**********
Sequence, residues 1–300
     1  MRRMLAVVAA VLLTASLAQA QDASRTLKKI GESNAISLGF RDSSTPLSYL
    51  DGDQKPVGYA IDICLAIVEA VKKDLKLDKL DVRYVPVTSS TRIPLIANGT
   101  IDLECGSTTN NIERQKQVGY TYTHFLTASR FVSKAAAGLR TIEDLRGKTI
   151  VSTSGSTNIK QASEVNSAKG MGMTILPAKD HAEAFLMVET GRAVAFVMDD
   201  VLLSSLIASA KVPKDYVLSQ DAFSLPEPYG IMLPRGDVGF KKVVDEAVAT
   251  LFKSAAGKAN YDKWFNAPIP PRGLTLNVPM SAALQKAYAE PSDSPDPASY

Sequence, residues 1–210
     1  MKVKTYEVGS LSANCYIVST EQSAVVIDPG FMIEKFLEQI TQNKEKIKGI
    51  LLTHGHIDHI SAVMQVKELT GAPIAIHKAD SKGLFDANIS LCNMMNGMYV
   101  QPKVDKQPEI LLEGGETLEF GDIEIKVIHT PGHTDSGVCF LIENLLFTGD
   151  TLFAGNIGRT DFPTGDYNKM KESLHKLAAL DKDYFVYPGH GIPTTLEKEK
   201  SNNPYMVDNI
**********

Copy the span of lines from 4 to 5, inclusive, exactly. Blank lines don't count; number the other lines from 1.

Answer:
   101  IDLECGSTTN NIERQKQVGY TYTHFLTASR FVSKAAAGLR TIEDLRGKTI
   151  VSTSGSTNIK QASEVNSAKG MGMTILPAKD HAEAFLMVET GRAVAFVMDD